/Chrome Flags: what they are, and how to use them for better web browsing

Chrome Flags: what they are, and how to use them for better web browsing

Chrome Flags are experimental features that aren’t yet part of the browser by default, but can be enabled with a couple of clicks. They’re simple to use and can transform the way you browse the web.

To access the Flags menu, type chrome://flags into the address bar and hit Enter. Here, you’ll see a long list of options, each of which has a drop-down menu that can be set to Default, Enabled or Disabled. There are lots of them, so the best way to find the one you want is to hit Ctrl+F and search for it.

Once you’ve enabled a Flag, you’ll be prompted to re-launch your browser to activate it. This will close and re-open all your current browser windows, so make sure you’ve saved anything you’re working on.

The tools here are still in testing, and aren’t necessarily stable. There’s also a possibility, however small, of security issues. If that’s something you can live with, there are some real gems on offer. Here’s our pick of the best…

Google Chrome Flags

1. Picture-in-picture video

Many of the big browsers are starting to experiment with picture-in-picture video, and you can enable it in Chrome right now by activating the flags #enable-surfaces-for-videos and #enable-picture-in-picture.

With these enabled, you can right-click twice on a YouTube video and select ‘Picture-in-Picture’ to make it pop out in its own little window. You can drag this around your screen anywhere – even outside your browser.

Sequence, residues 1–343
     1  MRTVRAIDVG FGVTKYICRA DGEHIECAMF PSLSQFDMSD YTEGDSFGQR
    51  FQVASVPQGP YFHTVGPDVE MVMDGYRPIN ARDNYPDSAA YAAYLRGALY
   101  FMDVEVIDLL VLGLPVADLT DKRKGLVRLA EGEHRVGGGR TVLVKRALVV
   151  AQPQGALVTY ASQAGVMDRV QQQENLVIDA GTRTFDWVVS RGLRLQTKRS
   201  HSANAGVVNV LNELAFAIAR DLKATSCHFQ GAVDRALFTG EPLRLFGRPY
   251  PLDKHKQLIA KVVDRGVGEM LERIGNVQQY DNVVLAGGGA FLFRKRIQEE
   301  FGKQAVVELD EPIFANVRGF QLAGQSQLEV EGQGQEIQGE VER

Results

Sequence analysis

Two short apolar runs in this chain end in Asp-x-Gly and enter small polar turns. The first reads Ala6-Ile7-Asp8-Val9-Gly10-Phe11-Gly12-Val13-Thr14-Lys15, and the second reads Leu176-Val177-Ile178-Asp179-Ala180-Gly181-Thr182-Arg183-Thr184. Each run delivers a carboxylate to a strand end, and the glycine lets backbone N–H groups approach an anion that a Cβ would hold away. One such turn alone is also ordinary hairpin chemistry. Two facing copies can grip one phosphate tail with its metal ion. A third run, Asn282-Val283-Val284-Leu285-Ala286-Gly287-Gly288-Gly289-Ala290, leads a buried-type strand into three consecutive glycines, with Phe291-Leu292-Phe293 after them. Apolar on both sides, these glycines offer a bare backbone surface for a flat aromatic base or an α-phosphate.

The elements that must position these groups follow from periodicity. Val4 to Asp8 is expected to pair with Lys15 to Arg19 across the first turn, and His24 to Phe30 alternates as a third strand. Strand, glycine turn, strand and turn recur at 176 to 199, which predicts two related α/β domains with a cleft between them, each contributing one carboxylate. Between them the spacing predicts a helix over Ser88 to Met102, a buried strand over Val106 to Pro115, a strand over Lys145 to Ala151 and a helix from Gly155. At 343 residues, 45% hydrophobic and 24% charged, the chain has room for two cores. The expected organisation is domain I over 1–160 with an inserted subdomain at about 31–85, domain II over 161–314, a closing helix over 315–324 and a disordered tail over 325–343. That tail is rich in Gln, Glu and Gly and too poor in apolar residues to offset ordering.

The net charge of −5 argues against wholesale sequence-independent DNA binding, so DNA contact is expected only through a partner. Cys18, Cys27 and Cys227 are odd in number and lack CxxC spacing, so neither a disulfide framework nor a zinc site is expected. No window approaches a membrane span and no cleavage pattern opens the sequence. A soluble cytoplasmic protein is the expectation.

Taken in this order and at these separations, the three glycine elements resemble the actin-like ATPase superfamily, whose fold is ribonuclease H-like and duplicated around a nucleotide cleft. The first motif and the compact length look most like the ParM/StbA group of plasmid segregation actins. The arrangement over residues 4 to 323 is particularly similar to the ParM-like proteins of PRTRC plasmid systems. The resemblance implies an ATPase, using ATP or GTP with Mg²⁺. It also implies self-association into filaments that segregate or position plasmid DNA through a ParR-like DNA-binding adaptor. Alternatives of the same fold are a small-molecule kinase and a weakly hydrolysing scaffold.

2. Show autofill predictions

Unless you’ve disabled it, Chrome will store data like addresses that you often enter in forms, and offer to autofill it for you. With the Flag #show-autofill-type-predictions activated, such forms will be pre-filled automatically, saving you a few valuable seconds. Handy!

3. Automatically reload offline tabs

Your Wi-Fi connection has dropped and all your tabs need to be reloaded. Normally you’d have to go through clicking each one to make that happen, but with #enable-offline-auto-reload enabled, all your open tabs will be reloaded automatically when you’re back online.

4. Show saved copy button

You now the feeling – you need some information from a webpage that you’ve visited before, but now the page is gone.

Worry not, with this Flag enabled, you won;t have to resort to trawling through the Internet Archive for a copy of the missing page. If it’s been cached by your browser, you’ll be presented with a button offering to load that ‘stale’ saved copy instead. Look for #show-saved-copy and turn it on.

5. Lazy image loading

A particularly useful feature for viewing photo-heavy sites on mobile devices, the Flag #enable-lazy-image-loading speeds up page loads by not loading pictures until you’ve scrolled down far enough to see them.